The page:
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Civil rights settlement agreement promises to transform foster care system

(WITN)
Published: Jul. 9, 2020 at 5:55 PM CDT
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KANSAS CITY, Kan. (WIBW) - A new federal civil rights settlement agreement has promised to transform Kansas’ foster care system and end years of victimization and trauma for its children.

Kansas Appleseed says officials and attorneys advocating for the rights of over 7,000 children in the Kansas foster care system agreed to a settlement plan to transform an overburdened, mismanaged and dangerous foster care system that has victimized and traumatized Kansas children for years.

The organization says the settlement agreement is the result of the class action M.B. v. Howard brought in November 2018 against state officials on behalf of the state’s foster children.

The plaintiff co-counsel team includes Kansas Appleseed Center for Law and Justice, Kansas City attorney and Child Welfare Law Specialist Lori Burns-Bucklew, the National Center for Youth Law, Children’s Rights and the global law firm DLA Piper says Kansas Appleseed.

The organization says the defendants in the settlement include Secretary Laura Howard of the Kansas Departments for Children and Families, Kansas Department of Aging and Disability Services and Secretary Dr. Lee Norman of the Kansas Department of Health and Environment.

Kansas Appleseed says the settlement will bring fundamental changes to a child welfare system that has long been in crisis, subjecting already traumatized kids to housing instability which renders them essentially homeless and denying them vital mental health care services.

“This is a moment that took far too long to arrive. But the children of Kansas have finally been heard. We became partners in this suit because it was clear that legal advocacy could bring change when all else had failed. That day has come,” said Teresa Woody, litigation director, Kansas Appleseed Center for Law and Justice.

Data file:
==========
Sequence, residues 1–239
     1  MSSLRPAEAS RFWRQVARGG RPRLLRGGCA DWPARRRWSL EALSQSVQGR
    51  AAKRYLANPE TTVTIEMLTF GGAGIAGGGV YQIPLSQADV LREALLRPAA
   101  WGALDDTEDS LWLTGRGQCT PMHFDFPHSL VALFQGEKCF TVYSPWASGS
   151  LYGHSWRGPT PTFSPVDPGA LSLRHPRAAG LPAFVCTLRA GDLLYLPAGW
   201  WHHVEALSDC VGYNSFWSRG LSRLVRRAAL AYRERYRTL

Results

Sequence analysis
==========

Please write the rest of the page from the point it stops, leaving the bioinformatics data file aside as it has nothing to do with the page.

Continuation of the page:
Kansas Appleseed says key reforms brought about by the lawsuit include:

  • Practice Improvements.  The settlement mandates 5 areas of practice changes that state agencies must “hit” for a 12-month period and then “hold” for another 12-month period in order to exit court oversight, as validated by a neutral expert.  These include: 
    • Ending the practice of housing children in unsuitable places like offices and hotels; 
    • Ending the practice of night-to-night and short term placements;
    • Ensuring that placements are not overcrowded and do not exceed licensed capacity;
    • Ending housing-related delays in the provision of  mental health services; and 
    • Providing crisis intervention services for children throughout the state.
  • Outcomes.  The settlement mandates 5 measurable outcome improvements for children, phased in over 3-4 one-year periods.  When state agencies “hit” the final target outcome after phasing it in, they must “hold” it for another 12 months in order to exit court oversight.  These include:
    • Achieving a low average rate of placement (housing) moves, ultimately 4.4 moves or less per 1000 days in care;
    • Addressing mental health and behavioral health treatment needs for at least 90% of cases;
    • Ensuring the current placement is stable for at least 90% of cases;
    • Limiting placement changes to 1 move over 12 months for at least 90% of cases; and
    • Providing an initial mental health and trauma screen within 30 days of entering state care for at least 90% of cases. 
  • Federal Court Enforceability.  If approved, the settlement is a fully enforceable federal court order that is binding on DCF, KDHE and KDADS and all current and future officials of these agencies.
  • Contract Oversight.  The settlement is binding whether performance is by the state agencies or any providers under contracts or other agreements with the state.  And the obligations of the settlement will become a part of all contracts. 
  • Neutral Expert Validating Performance. The settlement appoints Judith Meltzer and the Center for the Study of Social Policy, a highly respected child welfare policy group, to independently validate the state’s performance. 
  • New Community Accountability Structure.  The settlement requires a new independent advisory group, heavy on stakeholders outside of state agencies, such as providers, parents and youth.  The group can make public recommendations for change and the state agencies must respond in writing to all recommendations.